See, Picross is a game whose core verb is SCULPTING, basically exactly like an old master, chipping away at a big stone block, based on the logic of the numbers you see here, until you reveal the object inside, like the puppy that’s about to pop out of this. It’s a brilliant game–
and it made me wonder how many verbs we actually have in the English language, which this helpful website says comes out to just under 36,000. But how many are being used in game design?
a desperately small number. Even if we cheat and break it down into smaller sub-categories, even if we don’t just go by the major genres like “adventuring, or driving,” we’re still only utilizing a fraction of our potential–
in very broad terms, we’re — still, in 2010 — taking the absolutely AMAZING capacity of this brand new art form that can express mystery, surreality, humanity, can express ANYTHING that we can possibly imagine, and too often we’re reducing it–
to this. The cheap thrill of a clean headshot.
And I’m not trying to be coy or naive about WHY we do this–
See, this is Noby Noby Boy, a five dollar downloadable PS3 game from Keita Takahashi, the guy that created Katamari Damacy. It was released in early 2009, and to date, as of last Sunday, WORLDWIDE, with the FULL BACKING OF THE ENORMOUS FOUNDATIONAL GAMES PUBLISHER NAMCO–
it’s sold just over 113,000 copies, a number which, like Keita admits, Call of Duty sells about every 10 minutes.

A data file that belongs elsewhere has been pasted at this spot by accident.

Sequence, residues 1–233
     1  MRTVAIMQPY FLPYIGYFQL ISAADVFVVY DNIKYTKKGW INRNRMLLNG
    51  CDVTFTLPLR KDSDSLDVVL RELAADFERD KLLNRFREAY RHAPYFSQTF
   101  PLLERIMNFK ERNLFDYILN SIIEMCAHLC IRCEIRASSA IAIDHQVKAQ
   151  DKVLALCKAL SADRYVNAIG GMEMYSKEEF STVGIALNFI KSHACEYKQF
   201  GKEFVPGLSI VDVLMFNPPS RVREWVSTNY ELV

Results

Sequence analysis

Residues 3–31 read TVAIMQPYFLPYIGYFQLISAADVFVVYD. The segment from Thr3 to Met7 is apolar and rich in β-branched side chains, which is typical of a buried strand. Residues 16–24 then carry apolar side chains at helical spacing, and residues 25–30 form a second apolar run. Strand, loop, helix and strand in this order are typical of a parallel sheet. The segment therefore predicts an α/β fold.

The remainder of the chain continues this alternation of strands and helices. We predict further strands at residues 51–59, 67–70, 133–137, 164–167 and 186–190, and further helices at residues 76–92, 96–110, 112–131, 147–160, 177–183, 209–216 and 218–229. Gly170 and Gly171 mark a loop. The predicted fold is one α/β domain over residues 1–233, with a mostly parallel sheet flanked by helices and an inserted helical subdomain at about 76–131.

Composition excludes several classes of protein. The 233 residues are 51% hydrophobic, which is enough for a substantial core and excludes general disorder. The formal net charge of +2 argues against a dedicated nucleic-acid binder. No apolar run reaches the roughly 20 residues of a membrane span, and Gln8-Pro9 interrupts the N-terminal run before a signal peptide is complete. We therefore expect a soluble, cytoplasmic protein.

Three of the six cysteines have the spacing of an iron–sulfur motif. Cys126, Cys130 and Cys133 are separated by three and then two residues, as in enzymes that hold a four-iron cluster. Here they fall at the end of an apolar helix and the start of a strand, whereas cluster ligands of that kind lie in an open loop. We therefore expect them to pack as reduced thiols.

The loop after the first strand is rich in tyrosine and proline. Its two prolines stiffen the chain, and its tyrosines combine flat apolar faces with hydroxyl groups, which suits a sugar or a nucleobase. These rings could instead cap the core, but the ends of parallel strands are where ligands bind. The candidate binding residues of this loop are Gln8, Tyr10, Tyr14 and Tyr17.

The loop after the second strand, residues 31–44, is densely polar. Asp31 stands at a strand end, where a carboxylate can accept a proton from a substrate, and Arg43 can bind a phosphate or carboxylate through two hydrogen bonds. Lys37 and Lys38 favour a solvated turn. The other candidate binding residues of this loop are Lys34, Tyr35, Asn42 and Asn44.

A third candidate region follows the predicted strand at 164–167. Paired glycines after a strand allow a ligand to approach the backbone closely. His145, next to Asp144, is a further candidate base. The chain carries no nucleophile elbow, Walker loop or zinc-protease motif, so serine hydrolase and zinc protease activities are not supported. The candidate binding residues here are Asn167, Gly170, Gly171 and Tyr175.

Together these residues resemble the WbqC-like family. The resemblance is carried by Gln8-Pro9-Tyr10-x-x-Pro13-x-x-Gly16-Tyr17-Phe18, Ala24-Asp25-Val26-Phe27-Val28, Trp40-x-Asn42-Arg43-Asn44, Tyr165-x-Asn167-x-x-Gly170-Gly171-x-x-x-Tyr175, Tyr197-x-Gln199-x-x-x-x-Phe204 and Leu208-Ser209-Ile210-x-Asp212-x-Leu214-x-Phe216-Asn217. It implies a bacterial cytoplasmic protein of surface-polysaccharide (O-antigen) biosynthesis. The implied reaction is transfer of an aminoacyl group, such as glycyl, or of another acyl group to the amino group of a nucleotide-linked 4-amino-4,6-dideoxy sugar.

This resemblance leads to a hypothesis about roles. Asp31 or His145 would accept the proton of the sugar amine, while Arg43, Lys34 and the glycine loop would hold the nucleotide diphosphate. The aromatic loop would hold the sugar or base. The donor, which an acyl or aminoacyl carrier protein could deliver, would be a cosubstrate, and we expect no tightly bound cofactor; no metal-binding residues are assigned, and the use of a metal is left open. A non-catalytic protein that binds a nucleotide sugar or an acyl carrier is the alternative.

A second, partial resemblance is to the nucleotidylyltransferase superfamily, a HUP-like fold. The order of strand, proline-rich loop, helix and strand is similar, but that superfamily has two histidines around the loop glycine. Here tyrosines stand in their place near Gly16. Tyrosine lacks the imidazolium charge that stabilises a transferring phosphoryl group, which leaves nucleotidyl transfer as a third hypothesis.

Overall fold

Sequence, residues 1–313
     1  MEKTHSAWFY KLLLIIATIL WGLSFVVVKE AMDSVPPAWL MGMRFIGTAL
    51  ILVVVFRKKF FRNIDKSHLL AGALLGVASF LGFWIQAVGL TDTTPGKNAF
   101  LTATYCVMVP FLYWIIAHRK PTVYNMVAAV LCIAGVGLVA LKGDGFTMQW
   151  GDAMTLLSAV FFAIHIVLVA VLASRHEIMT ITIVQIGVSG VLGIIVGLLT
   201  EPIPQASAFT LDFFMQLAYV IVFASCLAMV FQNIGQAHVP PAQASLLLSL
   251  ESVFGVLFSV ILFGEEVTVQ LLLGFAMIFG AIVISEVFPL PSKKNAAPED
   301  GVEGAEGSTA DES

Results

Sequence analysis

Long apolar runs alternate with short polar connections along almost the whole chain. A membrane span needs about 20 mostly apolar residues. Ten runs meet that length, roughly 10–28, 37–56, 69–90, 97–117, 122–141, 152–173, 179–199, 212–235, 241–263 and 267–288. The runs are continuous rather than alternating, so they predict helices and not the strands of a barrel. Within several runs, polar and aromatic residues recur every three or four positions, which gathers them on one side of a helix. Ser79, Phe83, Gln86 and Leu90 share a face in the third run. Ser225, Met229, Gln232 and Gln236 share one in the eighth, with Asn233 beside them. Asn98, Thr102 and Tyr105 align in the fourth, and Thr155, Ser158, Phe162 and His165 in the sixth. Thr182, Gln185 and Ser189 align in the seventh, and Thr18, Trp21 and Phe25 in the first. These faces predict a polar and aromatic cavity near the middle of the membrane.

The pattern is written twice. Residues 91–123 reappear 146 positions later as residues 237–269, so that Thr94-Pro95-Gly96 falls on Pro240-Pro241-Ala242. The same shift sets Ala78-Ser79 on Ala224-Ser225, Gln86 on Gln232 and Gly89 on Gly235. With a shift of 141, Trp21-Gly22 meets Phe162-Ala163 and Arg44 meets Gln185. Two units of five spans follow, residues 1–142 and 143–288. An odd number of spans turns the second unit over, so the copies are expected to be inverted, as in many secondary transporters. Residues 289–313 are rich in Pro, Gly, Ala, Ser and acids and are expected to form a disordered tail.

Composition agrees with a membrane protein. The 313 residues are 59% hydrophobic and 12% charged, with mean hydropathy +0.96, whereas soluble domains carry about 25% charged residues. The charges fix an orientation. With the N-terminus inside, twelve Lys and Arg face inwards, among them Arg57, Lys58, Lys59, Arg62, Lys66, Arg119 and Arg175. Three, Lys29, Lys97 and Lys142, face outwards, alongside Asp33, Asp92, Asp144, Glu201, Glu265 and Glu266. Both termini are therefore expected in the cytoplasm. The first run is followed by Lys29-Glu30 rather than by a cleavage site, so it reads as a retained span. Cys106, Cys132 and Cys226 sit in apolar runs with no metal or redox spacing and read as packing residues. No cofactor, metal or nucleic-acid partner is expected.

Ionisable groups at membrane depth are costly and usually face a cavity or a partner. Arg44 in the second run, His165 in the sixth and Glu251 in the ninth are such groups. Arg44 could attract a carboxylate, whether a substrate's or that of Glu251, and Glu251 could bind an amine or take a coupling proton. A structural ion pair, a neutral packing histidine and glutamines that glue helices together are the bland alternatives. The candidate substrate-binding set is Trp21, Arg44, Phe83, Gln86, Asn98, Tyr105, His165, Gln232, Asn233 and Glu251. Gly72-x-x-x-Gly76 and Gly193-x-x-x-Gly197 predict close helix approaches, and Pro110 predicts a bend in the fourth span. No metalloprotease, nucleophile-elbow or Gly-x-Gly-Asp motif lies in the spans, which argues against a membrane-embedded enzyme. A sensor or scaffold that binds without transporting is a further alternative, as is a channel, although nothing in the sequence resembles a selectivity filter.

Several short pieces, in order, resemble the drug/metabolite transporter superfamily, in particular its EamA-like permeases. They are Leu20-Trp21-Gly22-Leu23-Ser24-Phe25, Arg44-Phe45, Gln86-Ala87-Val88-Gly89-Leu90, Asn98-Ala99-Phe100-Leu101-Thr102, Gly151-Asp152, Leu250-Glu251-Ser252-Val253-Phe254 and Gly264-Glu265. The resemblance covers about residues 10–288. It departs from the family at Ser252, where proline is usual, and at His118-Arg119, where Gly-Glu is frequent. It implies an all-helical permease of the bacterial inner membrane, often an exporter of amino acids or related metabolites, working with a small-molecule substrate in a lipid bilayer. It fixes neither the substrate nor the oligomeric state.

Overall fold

So yes, there IS a challenge, primarily in a retail context — everyone’s risk averse because everyone wants to make enough money to feed their family, and drink with friends, as we’re doing here tonight.
But that actually brings me straight back to where I started off, because there has NEVER, in the entire history of games, been a better time for another single person to make something that can make a difference, that can reach an audience that will sustain — well, at least a CERTAIN kind of lifestyle — and, more importantly, will appreciate your perspective and your honest expression.
It’s the path that — even if he’s only started out with a Facebook poker game — our original indie Richard Garriott’s turned to — away from retail and onto games that only live on the web–
But above all, if you go down this path, don’t just make us a game another game about THAT GUY. PUT DOWN YOUR WEAPON and tell us a story we’ve never heard before, one that only you can tell. And when you’ve done that, seal that game up in your own personal digital ziploc bag–
and tell me about it or e-mail it to me as soon as you can. Thanks very much.